If you want to setup Mininet on your own system, there are instructions on the Mininet website.

A graphical environment (X11) is not installed in the VM by default. If you are connecting to the VM using SSH from a machine with X11 installed (Linux machines in the CS department or a personal machine with Linux or Mac OS), you can tunnel the X11 traffic over SSH using by including the "-X" option in your ssh command. Alternatively, you can install a graphical environment in the VM by running:

sudo apt-get update
sudo apt-get install gdm gnome-shell gnome-terminal
sudo reboot
To start the graphical environment, run:
sudo service gdm start

2.2 Mininet Walkthrough

One you have a Mininet VM, you should complete the following sections of the standard Mininet walkthrough:

At some points, the walkthrough will talk about software-defined networking (SDN) and OpenFlow. We will discuss these during the second half of the semester, so you do not need to understand what they mean right now; you just need to know how to run and interact with Mininet.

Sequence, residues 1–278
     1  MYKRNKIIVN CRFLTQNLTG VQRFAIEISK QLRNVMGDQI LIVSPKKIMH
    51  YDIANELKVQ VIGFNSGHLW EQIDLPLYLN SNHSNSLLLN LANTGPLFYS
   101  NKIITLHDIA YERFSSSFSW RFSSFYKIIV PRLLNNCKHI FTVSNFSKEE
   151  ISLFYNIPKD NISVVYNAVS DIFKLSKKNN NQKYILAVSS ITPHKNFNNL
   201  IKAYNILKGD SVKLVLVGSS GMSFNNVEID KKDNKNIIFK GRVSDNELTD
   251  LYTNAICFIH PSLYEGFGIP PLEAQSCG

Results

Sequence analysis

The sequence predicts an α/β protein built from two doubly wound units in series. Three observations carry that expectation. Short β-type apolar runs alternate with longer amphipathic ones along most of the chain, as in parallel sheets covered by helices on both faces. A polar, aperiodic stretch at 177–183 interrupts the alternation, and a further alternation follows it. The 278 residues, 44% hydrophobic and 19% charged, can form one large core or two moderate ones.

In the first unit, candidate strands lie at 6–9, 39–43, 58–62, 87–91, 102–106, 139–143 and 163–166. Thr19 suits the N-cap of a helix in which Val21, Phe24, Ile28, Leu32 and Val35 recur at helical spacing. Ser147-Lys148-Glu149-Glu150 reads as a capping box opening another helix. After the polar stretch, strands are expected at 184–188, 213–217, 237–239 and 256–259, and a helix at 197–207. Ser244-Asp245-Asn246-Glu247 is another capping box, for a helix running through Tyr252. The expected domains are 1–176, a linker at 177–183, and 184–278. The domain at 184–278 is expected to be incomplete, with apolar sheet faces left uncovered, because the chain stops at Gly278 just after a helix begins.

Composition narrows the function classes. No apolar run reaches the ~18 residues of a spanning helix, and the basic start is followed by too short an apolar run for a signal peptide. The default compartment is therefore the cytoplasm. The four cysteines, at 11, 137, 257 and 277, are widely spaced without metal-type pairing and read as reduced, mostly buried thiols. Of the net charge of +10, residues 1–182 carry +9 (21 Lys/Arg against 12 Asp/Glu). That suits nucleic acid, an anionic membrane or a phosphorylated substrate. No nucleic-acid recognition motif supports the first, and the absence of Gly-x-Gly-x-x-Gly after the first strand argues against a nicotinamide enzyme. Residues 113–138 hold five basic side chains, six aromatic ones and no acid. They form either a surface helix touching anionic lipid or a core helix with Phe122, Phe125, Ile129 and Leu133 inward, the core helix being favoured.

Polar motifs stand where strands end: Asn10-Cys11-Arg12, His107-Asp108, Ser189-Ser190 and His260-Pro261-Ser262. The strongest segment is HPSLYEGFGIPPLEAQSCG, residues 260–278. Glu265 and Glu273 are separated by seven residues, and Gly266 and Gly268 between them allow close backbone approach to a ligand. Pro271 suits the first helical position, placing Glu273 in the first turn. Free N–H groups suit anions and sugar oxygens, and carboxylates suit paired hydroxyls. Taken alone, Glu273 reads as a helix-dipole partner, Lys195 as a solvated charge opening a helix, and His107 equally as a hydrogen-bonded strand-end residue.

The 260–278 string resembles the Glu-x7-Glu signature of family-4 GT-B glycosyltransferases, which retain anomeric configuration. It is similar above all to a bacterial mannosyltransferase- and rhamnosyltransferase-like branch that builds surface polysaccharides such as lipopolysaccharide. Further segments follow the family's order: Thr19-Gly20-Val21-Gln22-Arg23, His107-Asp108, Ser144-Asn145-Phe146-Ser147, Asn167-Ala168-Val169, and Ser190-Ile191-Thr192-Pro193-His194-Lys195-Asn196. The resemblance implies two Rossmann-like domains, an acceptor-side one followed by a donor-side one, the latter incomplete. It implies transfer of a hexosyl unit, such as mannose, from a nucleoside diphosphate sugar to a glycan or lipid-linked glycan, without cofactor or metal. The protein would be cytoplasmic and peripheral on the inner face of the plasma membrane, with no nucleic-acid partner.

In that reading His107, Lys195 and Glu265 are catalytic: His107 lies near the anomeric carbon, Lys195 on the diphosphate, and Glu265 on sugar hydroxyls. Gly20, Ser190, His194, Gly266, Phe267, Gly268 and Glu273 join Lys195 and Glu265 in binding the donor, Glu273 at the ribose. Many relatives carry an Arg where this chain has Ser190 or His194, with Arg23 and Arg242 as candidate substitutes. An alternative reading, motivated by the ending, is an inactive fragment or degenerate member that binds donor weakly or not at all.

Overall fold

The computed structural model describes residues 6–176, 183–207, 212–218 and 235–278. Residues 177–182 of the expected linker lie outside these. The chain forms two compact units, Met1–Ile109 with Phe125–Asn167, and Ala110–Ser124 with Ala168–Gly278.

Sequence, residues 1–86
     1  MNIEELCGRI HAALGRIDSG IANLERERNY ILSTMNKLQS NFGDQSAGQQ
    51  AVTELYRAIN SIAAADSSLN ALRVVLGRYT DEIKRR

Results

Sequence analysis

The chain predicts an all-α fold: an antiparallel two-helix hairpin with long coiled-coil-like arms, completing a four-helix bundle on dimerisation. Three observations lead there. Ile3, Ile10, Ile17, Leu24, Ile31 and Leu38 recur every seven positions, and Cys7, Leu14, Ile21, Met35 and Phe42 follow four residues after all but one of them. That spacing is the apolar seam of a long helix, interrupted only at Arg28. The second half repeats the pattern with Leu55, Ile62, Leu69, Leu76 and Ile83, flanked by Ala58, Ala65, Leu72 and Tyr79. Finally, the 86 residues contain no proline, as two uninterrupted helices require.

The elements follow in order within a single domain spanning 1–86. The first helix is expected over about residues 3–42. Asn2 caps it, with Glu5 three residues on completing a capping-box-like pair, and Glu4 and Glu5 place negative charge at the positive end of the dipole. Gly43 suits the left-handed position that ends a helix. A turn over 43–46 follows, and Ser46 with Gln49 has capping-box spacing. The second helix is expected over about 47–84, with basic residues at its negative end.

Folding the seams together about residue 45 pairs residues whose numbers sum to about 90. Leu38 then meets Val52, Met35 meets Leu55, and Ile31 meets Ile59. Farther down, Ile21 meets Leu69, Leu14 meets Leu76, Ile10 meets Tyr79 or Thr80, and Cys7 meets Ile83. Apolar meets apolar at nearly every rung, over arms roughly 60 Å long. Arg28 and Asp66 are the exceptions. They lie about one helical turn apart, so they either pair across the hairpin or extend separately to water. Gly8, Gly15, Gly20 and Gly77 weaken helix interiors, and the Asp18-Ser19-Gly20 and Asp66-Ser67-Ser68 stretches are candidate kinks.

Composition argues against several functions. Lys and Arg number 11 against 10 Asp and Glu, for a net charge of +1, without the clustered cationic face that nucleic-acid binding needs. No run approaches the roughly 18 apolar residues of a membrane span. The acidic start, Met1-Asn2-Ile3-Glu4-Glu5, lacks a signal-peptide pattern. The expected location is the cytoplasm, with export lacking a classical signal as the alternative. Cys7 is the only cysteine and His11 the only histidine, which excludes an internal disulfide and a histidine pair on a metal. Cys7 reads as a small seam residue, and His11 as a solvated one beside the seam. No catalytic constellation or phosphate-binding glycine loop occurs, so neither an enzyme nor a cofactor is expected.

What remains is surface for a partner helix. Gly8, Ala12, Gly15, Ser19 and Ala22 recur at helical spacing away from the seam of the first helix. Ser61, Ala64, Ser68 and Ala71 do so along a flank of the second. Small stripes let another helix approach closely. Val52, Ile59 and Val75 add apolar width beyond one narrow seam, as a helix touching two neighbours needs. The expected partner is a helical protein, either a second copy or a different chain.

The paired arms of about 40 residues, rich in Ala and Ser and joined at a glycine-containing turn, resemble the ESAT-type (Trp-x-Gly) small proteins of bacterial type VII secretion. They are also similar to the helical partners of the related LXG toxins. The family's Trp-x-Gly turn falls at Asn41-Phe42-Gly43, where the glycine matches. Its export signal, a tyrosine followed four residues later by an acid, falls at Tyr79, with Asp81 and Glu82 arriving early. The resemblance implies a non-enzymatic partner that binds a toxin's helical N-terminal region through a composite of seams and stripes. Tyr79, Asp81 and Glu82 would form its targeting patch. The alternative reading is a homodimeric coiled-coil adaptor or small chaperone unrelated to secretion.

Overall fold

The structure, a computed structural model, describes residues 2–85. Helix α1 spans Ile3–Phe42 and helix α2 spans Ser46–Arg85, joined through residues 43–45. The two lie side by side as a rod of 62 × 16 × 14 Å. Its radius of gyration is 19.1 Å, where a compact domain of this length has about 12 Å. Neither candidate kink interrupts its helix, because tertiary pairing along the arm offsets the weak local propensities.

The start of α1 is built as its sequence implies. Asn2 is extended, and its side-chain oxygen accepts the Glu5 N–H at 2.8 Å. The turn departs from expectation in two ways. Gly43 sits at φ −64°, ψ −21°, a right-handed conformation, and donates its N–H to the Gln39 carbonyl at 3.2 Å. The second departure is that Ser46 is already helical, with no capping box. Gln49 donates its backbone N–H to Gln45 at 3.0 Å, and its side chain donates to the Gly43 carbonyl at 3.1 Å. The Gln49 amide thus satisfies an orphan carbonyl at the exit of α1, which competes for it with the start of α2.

You do not need to submit anything for this part of the assignment.

Part 3: Controlled Network Measurements

For the third part of the assignment, you will be measuring and analyzing the performance of small networks with specific topologies in a controlled environment. You will use Mininet, ping, and one new tool -- iperf.

Each section below describes one network topology, presents a set of experiments you should run, and asks you to answer a few questions about those results. You must include the output from your experiments and the answers to the questions in your submission -- see What to Submit at the end of this project description for a full list of what to submit.

Pythons scripts to run Mininet with the topologies described below are in the TAR file at: http://cs.wisc.edu/~agember/cs640/s14/files/project1.tgz. To download these scripts in your Mininet VM, run:

wget http://cs.wisc.edu/~agember/cs640/s14/files/project1.tgz
tar xzvf project1.tgz

3.1 Point-to-Point Network

The first network is a simple point-to-point network with two hosts connected by a single 10Mbps link.

To run Mininet with this topology file, run the Python script project1_point.py using sudo:

sudo python project1_point.py
The Python script will automatically start Mininet with the appropriate topology and provide you a Mininet command prompt. Do not use the Mininet command (mn) with the --custom argument.

3.1.1 iperf

You will measure the bandwidth between the two hosts using iperf, which sends TCP or UDP packets between hosts. One host must server as the server and one as the client. The command to run on the server is:

iperf -s
The command to run on the client is:
iperf -c <ip>
Replace ip with the IP address of the server.

You can also pass several other options to iperf, including: